Bankruptcy’s Role in the Foreclosure Process

The United States Bankruptcy Code provides protection to individuals and families from creditors efforts to collect their debts. Bankruptcy is intended to provide an orderly process for the resolution of debts and in some cases an opportunity to reorganize a debtors’ financial affairs.

There are three primary tools at work in the Bankruptcy Code for those facing foreclosure and for debtors generally. They are:

1) The Automatic Stay
2) Lien Stripping
3) Discharge

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The Automatic Stay provision of the Bankruptcy Code requires that creditors cease all collection actions upon the debtor’s filing of a bankruptcy petition. Bankruptcy petitions filed prior to the completion of the foreclosure process will halt (Astay@) the continuation and completion of the foreclosure. A mortgage company notified of the commencement of a bankruptcy petition by a debtor is required to cease further efforts to foreclose or collect the mortgage debt pending a bankruptcy court order authorizing them to proceed. The filing of a bankruptcy petition by a debtor thereby allows additional time to the debtors to remain in their home, possibly negotiate a resolution with the mortgage company, or to propose a plan under Chapter 13 of the Bankruptcy Code to repay their past due mortgage debt (mortgage arrears) over a period of three to five years.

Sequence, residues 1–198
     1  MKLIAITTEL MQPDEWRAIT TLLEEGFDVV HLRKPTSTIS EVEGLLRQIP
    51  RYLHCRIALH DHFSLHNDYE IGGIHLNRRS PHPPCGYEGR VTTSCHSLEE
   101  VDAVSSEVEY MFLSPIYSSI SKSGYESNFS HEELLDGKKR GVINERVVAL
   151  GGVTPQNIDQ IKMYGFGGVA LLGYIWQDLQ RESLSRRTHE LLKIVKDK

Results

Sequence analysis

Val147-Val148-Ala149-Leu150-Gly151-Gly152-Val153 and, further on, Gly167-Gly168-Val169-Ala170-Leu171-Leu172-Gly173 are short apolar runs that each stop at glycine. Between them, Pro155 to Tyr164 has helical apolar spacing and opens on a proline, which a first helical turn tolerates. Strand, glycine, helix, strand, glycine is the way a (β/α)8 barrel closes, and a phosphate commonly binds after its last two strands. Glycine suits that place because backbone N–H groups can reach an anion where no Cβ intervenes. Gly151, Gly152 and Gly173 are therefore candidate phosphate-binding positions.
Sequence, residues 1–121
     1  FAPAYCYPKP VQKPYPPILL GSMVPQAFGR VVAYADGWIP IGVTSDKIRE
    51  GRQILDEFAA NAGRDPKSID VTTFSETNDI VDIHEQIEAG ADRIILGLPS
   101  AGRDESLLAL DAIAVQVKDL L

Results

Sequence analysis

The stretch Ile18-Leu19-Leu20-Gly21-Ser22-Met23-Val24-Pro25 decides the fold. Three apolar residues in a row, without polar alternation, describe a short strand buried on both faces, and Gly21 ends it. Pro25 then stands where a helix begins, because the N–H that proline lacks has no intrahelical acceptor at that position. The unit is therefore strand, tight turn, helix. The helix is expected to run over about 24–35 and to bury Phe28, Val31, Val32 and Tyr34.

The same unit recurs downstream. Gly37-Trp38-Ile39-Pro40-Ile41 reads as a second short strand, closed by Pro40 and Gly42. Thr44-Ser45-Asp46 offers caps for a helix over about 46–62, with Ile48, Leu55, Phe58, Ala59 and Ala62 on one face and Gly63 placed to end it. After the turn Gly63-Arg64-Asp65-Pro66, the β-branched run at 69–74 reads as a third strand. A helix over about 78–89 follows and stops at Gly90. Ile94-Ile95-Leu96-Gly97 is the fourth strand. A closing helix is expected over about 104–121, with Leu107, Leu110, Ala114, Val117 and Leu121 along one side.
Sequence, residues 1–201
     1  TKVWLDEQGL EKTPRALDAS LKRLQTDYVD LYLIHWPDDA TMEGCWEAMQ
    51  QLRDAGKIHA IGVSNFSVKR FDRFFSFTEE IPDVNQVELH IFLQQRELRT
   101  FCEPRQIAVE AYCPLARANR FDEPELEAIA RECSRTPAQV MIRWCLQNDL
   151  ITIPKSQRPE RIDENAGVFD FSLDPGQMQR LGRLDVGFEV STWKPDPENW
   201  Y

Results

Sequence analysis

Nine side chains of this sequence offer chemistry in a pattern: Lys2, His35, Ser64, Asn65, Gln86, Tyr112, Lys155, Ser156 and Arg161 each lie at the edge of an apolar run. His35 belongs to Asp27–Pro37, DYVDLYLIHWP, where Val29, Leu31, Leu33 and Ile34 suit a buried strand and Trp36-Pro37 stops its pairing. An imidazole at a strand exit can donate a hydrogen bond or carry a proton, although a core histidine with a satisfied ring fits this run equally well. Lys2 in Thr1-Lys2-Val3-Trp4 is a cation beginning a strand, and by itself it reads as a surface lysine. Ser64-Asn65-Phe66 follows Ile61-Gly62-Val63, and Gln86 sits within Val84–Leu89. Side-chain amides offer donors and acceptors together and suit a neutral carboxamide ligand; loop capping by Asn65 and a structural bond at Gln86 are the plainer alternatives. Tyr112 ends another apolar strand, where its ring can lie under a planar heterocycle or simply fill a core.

Lien Stripping allows a debtor to request the bankruptcy court issue an order voiding attachments, judicial liens and, in limited circumstances, second and third mortgages can be removed and voided by a bankruptcy court. A second or third mortgage can be voided by bankruptcy court order under circumstances where a debtor files a chapter 13 reorganization case and can show the bankruptcy court that the principal balance of their primary mortgage (first mortgage) exceeds the current fair market value of their home. This analysis results in a finding that a second or third mortgage against the residence is Awholly unsecured.@ Under these circumstances the court can issue an order voiding a second or third mortgage.

At the conclusion of the bankruptcy process the bankruptcy court issues an order discharging a debtor’s obligation to pay debts. The Discharge Order removes a debtor’s obligation to pay the vast majority of consumer debts including credit card bills, personal loans and secured debts including car loans, mortgage home loans, etc.

A word about secured loan treatment and bankruptcy. A debtor’s obligation to pay a secured loan is discharged at the conclusion of a bankruptcy case; however, the nature of a secured loan means that the debtor has pledged collateral (a home for a mortgage, title to the car for a car loan, etc.) as security for the repayment of the loan. While a discharge order absolves the debtor from repaying the bank loan, the bank or mortgage company still has rights to repossess or foreclose on the collateral absent a court order voiding the mortgage company’s security interest.

For more information on your bankruptcy options, please visit our Chapter 7 vs. Chapter 13 Bankruptcy page.

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